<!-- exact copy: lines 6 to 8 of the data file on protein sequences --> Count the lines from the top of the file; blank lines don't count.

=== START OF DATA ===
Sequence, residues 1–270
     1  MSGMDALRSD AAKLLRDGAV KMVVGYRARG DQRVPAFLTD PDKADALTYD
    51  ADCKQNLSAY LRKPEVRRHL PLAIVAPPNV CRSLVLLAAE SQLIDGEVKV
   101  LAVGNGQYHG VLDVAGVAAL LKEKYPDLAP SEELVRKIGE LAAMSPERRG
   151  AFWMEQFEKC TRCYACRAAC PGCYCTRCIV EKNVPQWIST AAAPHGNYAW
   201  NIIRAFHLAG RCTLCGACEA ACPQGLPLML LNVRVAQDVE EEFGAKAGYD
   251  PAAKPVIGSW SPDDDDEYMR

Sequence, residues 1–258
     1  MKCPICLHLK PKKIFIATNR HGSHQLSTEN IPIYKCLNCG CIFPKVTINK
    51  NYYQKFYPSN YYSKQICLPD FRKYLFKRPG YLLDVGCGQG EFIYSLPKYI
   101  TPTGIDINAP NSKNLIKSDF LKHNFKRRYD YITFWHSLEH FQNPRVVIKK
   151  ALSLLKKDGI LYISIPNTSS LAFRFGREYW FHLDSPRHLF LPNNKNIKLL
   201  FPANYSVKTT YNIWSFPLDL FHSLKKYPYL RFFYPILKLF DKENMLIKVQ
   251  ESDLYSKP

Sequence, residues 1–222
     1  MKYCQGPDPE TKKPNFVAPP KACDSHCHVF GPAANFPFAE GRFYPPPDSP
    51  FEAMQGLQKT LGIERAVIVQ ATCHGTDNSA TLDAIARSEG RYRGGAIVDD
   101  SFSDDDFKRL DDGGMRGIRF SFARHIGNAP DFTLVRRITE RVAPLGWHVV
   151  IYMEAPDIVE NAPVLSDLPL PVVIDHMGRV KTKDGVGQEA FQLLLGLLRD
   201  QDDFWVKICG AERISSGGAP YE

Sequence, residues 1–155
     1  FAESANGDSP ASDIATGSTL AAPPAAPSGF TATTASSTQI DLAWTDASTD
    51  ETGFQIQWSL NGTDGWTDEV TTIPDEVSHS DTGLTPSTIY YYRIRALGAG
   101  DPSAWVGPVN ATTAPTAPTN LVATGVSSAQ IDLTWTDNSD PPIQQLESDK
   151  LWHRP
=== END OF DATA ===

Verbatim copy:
   201  NIIRAFHLAG RCTLCGACEA ACPQGLPLML LNVRVAQDVE EEFGAKAGYD
   251  PAAKPVIGSW SPDDDDEYMR

Sequence, residues 1–258